The specific objectives of this IEQ policy and of the program resulting from its implementation are:
- To reduce employee complaints, health related symptoms, and illness that may be due to indoor environmental problems;
- To reduce the frequency and number of employee lost-time incidents that can be attributed to indoor environmental problems;
- To improve the quality of the indoor work environment;
- To establish a pro-active policy and guidance in addressing issues that relate to indoor environments and will maintain good indoor environmental quality in the future;
- Provide guidance on whom to contact when a concern about the indoor environment is raised, and on the ways to proceed in evaluating concerns.
The following sections of this policy present general information regarding indoor environmental quality concerns as well as specific information relevant to the IEQ program at the University of Florida. This policy is meant to be a working document that will be reviewed and updated periodically as new information or policies become available.
* The term Facilities Services is used throughout this document to represent the designated maintenance group regardless of the University division.
In recognition of the important role that good indoor environmental quality has in contributing to the health and comfort of University faculty, staff and students, this policy serves as both a source of general indoor environmental quality information and a statement of the items necessary to maintain a satisfactory work environment. Members of the University community are expected to follow the requirements and recommendations contained in the policy and to recognize that indoor environmental quality issues may have multiple contributory causes and may, on occasion, not have a simple solution.
By authority delegated from the University President, the Vice-President for Business Affairs is responsible for the safety of all University facilities. Under this authority, policies are developed to provide a safe teaching, research, service, housing and recreational environment.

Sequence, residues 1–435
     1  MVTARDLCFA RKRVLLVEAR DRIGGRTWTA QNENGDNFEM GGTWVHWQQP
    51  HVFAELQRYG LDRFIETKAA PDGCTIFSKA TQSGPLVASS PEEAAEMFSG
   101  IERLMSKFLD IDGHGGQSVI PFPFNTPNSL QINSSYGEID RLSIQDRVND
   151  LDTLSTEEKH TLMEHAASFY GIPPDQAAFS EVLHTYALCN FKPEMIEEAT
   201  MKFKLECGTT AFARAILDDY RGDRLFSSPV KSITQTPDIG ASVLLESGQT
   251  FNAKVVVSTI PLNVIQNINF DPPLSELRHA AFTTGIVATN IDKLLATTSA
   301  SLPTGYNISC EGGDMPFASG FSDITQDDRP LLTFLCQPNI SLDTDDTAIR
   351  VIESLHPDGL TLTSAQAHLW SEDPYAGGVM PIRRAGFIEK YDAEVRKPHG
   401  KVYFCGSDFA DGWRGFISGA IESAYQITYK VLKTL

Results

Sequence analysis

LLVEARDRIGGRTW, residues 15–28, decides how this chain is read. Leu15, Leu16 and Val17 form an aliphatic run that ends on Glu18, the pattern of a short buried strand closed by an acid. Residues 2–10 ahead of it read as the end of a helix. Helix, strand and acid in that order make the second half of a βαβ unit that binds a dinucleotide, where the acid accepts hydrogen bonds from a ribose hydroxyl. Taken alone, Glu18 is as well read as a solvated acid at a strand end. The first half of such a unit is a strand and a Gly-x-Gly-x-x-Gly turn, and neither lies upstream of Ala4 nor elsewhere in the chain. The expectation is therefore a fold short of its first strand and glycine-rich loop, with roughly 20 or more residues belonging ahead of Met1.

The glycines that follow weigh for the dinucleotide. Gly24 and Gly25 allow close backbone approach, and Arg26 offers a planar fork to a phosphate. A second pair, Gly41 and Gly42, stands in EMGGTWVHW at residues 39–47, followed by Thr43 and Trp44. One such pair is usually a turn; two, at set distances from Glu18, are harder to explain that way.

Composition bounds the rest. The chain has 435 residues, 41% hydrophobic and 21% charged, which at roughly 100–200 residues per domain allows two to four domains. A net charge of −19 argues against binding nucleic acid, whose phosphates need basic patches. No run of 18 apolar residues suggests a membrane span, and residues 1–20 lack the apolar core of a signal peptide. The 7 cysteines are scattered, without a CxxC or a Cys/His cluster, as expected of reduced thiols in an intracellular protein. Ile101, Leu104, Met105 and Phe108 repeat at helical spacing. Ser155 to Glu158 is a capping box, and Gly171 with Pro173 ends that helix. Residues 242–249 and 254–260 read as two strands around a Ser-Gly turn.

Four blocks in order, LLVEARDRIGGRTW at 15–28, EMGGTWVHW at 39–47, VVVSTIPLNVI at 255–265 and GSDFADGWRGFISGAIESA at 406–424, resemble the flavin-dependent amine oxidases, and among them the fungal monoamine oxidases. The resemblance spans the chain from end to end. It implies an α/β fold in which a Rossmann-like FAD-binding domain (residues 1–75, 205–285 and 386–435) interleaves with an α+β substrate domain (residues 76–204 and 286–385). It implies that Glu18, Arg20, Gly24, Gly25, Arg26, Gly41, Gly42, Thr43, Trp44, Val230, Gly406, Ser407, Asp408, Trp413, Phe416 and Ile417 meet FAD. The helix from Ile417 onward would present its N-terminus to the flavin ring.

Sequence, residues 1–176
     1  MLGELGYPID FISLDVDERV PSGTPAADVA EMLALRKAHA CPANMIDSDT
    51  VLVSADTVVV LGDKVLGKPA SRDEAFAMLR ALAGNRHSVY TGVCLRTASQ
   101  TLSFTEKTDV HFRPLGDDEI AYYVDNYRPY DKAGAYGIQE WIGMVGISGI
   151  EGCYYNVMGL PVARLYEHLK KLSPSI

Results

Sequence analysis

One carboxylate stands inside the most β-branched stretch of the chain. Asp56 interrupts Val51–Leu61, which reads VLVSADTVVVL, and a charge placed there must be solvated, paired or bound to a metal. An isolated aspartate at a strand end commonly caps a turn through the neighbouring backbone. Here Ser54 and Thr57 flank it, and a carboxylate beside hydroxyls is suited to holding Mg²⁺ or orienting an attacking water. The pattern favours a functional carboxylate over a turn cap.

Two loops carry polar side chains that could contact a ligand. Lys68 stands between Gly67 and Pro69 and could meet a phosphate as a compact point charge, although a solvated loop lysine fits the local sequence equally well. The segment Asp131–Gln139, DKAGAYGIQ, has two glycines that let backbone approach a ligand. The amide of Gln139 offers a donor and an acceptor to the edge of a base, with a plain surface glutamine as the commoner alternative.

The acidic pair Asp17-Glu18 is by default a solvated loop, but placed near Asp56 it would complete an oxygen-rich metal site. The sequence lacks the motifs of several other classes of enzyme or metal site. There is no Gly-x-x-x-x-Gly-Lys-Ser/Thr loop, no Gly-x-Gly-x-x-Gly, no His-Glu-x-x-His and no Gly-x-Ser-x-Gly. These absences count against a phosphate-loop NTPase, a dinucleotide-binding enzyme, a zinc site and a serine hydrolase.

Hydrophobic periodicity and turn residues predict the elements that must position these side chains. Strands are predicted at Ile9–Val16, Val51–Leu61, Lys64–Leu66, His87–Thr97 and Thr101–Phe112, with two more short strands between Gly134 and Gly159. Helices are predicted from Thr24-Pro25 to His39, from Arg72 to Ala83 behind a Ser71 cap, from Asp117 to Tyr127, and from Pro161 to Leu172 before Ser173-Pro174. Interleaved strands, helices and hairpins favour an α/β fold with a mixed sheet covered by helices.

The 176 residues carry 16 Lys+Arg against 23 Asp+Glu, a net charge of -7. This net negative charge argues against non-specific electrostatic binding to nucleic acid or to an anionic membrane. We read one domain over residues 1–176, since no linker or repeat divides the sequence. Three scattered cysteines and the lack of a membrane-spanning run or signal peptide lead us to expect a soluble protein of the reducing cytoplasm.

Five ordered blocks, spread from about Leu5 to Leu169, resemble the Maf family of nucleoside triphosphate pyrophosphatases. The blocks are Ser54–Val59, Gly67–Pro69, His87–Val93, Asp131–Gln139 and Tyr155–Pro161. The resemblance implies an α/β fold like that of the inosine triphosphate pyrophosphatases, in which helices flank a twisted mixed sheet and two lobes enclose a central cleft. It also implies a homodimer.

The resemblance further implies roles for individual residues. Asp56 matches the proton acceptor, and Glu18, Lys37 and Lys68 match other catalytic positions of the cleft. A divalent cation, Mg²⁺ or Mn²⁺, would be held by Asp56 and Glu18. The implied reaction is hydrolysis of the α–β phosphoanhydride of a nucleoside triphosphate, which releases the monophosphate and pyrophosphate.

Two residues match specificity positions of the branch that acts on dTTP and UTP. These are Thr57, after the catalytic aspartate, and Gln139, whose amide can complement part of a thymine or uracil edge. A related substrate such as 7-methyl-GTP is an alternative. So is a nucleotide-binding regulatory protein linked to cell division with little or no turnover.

Several factors are recognized as being important towards contributing to an acceptable indoor environment. In general, an indoor environment is expected to be free of any noxious odors and dust and to be maintained at a comfortable temperature and humidity. More specific factors that must be present to assure an acceptable indoor environment include adherence to applicable ventilation guidelines and standards designed to maintain comfort factors acceptable to most occupants. All mechanical equipment, including air handling units and exhaust fans, must be maintained in working order and in a clean, uncontaminated state. Any significant sources of contaminant emissions must be kept isolated from occupied spaces and any major sources of contamination must be promptly controlled. Maintenance and construction activities must be conducted in a manner that does not adversely affect the indoor environmental quality in occupied areas.
Common terms used to describe the conditions in a building when an IEQ concern is suspected are defined below.
INDOOR ENVIRONMENTAL QUALITY CHECKLIST
INDOOR ENVIRONMENTAL QUALITY CHECKLIST
- U.S. Environmental Protection Agency. 1991. Building Air Quality – A Guide for Building Owners and Facility Managers. EPA/400/3/91/002. Washington D.C. (accessed June 22, 2011)
- U.S. Environmental Protection Agency. 1995. Indoor Air Quality Tools for Schools. EPA 402- K-95-001. Washington D.C. (accessed June 22, 2011).